As I promised recently I have decided to blog occasionally about ways people living with CFS can potentially earn money online with the little energy they have. So here is the first blog in that vein about affiliate marketing.
Up until recently I didn’t really know much about affiliate marketing. I am still no expert, but I now understand it a bit more and can see it has the potential to be a nice little money earner especially if you already have a blog, website or facebook fan page set up that has a following.
Basically affiliate marketing is where a business pays you a commission when you refer customers to that business and they end up purchasing something. That’s why you have probably seen a lot of spammy emails or pop-ups urging you to click on a link and buy something. I guess I had blocked my ears to affiliate marketing when I’d heard it mentioned previously because I thought it was just related to spam and dodgy schemes. It appears I was wrong.
Affiliate marketing can be a legitimate way to ethically earn money online. I am very new to it myself so I haven’t earned a cent through it yet, but the concept is a good one, and I plan to use it more and more. I will only ever refer people to companies and products I believe in or at least have some positive experience with, and I’d suggest you also follow that rule of thumb if you don’t want your blog followers, fellow forum participants, family and friends to abandon you (after the 10th time you put up a spammy link to a product you’ve never used).
I thought I’d use an example I’ve recently learned about to show how affiliate marketing could work for people living with CFS. It is with the iherb Rewards Program.
I have been buying vitamins and other supplements online via iherb since being diagnosed with pyroluria back in August 2012. My chiropractor/kinesiologist recommended them as the cheapest, easiest way for me to get my regular supplies of zinc, B6 and B3, among other supplements I am on. This has proved to be the case, and I’ve been extremely happy with the service provided – cheap, quality products shipped to my door in under a week (US to Australia) if required.
Recently I decided to check if iherb had an affiliate program. I had seen mention of a Rewards program but I thought it was like Fly Buys so hadn’t paid much attention. Turns out the iherb Rewards Program is an affiliate program that works a little differently, but in a way that could benefit you and I.
How it works is, as an iherb customer I get a unique code (OJE953) allocated to me that I can give to family, friends or anyone else. This code gives new users of iherb $10 off their first purchase if it’s over $40 or $5 of if it’s less than $40 (either way, it’s a nice discount). When that code (OJE953) is entered as a discount code at the checkout, I automatically receive product credit equivalent to 4% of the customer’s purchase (ie. They buy $100, I get $4 towards my next purchase). Not only that though. And this is where it gets good. Every time that customer purchases anything from iherb in the next 12 months I continue to receive 4% in product credit (not directly from the customer, but from the iherb marketing budget – they know it’s well worth their while getting people to do their marketing for them!)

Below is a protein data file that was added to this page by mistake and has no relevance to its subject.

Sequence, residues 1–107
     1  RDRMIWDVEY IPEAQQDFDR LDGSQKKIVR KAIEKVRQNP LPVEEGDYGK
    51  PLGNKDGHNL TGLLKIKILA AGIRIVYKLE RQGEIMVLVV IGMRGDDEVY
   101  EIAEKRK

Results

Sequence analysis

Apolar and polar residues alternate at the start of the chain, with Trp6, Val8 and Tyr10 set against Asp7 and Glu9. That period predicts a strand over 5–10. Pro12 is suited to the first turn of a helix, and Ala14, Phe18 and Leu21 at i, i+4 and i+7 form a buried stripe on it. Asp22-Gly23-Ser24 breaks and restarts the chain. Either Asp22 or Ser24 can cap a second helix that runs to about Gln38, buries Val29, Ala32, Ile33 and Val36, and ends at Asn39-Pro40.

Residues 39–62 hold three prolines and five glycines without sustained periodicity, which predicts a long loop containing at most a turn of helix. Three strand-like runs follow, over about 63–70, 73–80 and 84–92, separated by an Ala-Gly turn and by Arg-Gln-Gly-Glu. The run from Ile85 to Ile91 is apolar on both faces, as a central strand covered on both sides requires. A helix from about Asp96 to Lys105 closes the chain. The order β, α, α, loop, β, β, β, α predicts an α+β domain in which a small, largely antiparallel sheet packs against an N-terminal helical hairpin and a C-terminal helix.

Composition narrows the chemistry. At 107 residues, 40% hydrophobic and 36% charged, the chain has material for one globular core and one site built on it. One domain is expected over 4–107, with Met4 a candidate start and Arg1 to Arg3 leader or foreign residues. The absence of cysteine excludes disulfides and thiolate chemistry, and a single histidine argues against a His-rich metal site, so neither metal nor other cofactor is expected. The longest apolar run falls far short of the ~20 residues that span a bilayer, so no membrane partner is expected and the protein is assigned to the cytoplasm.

I thought that was pretty cool because I spend about $100 a month, so any little bit off that is a bonus). But then I saw that it’s even better because if the customer I referred then refers another person to iherb (using their own personal code), I also get 3% of all those peoples’ purchases in store credit (and my friend gets 4%). This pattern continues for another two generations (For example – I refer to you – 4% – you refer to B – 3% – B refers to C – 2% and C refers to D – 1%).
Yes it is like multi-level marketing, but if people are already buying vitamins,supplements and other chemist/drugstore products, it’s not a big stretch to think they might buy the same items from iherb instead of where they do currently.
So in monetary terms, let me break that down for you. Working on the premise that each person in my example purchases $100 average of goods a month, if I refer 5 people, in 12 months I’d earn $20 per month from their purchases. If each of those people refer 5 people each as well, I’d earn an extra $75 per month ($95/month in total). If those people all referred 5 people each, my monthly income would be a further $250 ($345/month in total – when you get over $300 iherb sends you a cheques for that in cash!), and if those people each referred another 5 people it would be an extra $625 a month for me (total $970/month over 12 months = $11,640). Now that’s pretty cool!
I know the above example is simplistic and optimistic, and some people won’t buy $100 of product a month or refer 5 people. But like any good multi-level marketing scheme (visit here To see why iherb’s program differs from MLM), you only need one or two to break the mould and refer 50 people for the year and your discount/credits go up dramatically. Like anything, it takes some effort, and you would need to refer regularly to have it provide regular, continuing income, but the passive income results from very little physical work are theoretically great. Even if you just cover your own vitamin and supplement costs you come out on top.